OPINION: They're about to start teaching New Zealand history in schools.
The school has been working with wine companies in Hawke’s Bay to ascertain needs for the 2021 vintage, and has responded with two additional fees-free programmes, including a basic cellar operations course, which will give students enough knowledge to kick off their first vintage, undertaken as part of the qualification. The school has also made plans to enable more students in its wine and viticulture programmes - including all but the first year of its degree course - to work a full vintage. The students will provide a premium resource to wineries short of experienced cellar staff, and the students will have invaluable opportunities to build contacts and experience, says Sue.
EIT will launch its fees-free Certificate in Cellar Operations (Level 3) in January, with the hands-on one-semester programme culminating in vintage at a Hawke’s Bay winery. “We are basically trying to help people get into the industry who want a taste of it without doing a degree,” says Sue. “Hawke’s Bay wine companies are very keen to be part of it.” The new programmes join the existing fees-free Graduate Diploma in Oenology, for those who already have a science-related qualification or industry experience, and Graduate Diploma in Viticulture (Level 7), both available online or on campus.
Covid-19 has seen enrolments boosted, as people out of work look to a career change, says Sue. “Before the courses were fully announced, we were getting enquiries.” She’s also seeing more interest from school leavers and careers advisors, who thought it was “amazing” to have a paid vintage amid the study. “It’s not only fees-free, but they will get paid and get instant hands-on experience.”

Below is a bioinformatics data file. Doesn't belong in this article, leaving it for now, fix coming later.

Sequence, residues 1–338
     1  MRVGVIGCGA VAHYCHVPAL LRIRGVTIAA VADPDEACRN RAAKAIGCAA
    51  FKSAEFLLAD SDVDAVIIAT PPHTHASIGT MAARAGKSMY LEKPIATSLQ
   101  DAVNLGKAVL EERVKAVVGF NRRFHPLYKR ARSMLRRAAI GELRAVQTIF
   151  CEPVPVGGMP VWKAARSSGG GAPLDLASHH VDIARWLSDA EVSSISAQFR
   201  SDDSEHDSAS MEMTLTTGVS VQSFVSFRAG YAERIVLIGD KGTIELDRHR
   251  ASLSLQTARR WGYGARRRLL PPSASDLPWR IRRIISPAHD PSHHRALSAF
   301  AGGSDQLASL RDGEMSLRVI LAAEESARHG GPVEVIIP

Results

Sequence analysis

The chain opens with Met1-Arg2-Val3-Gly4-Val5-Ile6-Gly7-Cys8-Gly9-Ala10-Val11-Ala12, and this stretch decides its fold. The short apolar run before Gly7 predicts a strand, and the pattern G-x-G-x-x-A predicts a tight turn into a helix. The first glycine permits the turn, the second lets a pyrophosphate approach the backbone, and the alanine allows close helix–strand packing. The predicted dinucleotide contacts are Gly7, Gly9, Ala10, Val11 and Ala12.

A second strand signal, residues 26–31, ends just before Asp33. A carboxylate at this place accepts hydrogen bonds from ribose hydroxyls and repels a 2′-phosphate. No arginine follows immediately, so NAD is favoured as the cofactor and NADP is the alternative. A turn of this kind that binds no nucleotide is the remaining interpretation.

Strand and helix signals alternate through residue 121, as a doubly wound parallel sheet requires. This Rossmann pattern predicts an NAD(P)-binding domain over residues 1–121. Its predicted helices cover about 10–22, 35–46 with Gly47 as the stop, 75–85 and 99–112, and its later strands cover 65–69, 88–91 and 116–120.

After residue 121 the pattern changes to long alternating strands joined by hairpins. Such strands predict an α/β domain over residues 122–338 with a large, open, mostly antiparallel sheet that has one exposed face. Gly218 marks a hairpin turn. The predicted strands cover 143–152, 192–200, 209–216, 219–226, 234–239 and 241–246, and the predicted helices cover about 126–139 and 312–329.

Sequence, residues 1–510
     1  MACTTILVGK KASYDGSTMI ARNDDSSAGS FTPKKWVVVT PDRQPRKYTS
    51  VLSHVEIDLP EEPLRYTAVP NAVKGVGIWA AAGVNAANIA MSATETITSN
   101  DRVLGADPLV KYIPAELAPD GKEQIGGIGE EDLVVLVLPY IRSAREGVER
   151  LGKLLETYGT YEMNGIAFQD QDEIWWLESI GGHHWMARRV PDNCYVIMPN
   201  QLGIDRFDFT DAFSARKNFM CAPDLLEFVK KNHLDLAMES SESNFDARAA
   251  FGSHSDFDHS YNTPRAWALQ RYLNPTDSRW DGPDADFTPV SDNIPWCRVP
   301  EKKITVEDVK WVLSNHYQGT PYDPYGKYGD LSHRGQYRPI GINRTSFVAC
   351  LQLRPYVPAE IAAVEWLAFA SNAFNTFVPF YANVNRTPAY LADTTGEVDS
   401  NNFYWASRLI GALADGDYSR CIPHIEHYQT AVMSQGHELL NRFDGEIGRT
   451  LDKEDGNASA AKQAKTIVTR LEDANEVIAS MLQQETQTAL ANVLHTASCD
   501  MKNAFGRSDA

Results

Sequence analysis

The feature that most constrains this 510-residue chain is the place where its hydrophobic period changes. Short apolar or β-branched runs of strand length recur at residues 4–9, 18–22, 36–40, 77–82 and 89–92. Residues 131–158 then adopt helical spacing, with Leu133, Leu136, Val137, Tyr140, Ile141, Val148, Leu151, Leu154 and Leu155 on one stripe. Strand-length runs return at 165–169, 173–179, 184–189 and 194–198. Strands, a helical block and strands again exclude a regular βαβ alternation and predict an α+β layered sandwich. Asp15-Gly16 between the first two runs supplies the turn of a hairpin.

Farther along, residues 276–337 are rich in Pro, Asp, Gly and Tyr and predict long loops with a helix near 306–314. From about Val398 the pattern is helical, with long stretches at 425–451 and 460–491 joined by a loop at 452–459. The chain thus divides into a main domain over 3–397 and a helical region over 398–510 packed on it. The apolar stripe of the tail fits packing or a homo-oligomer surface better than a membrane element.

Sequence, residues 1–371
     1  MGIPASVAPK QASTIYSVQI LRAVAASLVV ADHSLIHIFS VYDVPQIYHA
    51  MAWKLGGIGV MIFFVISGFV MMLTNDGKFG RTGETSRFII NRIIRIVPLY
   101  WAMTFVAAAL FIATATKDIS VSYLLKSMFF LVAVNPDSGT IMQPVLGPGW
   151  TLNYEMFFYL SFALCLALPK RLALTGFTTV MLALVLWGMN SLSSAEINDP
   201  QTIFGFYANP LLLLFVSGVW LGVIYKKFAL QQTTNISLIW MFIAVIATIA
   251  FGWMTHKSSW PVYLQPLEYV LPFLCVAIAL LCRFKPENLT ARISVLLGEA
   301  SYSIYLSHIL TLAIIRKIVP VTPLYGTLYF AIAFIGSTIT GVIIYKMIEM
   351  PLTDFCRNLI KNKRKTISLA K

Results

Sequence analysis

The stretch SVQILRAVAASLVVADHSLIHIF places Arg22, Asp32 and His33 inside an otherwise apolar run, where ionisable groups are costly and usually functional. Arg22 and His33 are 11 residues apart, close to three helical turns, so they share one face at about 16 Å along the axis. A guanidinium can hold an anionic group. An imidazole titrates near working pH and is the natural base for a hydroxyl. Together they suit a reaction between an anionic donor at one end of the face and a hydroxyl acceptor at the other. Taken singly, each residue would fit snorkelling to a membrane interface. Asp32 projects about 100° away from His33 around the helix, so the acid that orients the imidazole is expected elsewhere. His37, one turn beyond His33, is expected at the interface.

Meanwhile, Nelson Marlborough Institute of Technology (NMIT), has developed a new delivery of cellar hand training which includes condensed training options in January to ensure skilled students are on hand for vintage 2021.
From now on, the Level 3 and Level 4 Cellar Operations programmes will enable more trainees to study while they work within industry. Classes will pause for up to eight weeks of vintage, and students will be assisted in finding a paid practical vintage placement. Pam Wood, NMIT’s Curriculum Manager for Primary Industries, says that gives the students excellent hands-on experience and offers support to vineyards and wineries. NMIT also offer an online delivery of Bachelor of Viticulture and Winemaking, Level 7, which allows students nationwide to study from the wine region they work in, she says.
Wine Marlborough Advocacy Manager Vance Kerslake says the evolving courses are evidence of necessity breeding invention. “Wine schools like NMIT are working hand in hand with wine companies, for the good of the students and the industry - which can really do with their help.”
Lincoln University is also working to address the labour crisis affecting all New Zealand’s primary industries, including wine, says Practical Work Coordinator Barbara Nicholson.
Teaching times for third-year students can be rearranged so they can complete their academic requirements and their practical work by starting the semester a month early, she says. “This means that they can have an extra-long break and go and work on a vintage, then come back and complete their academic work.”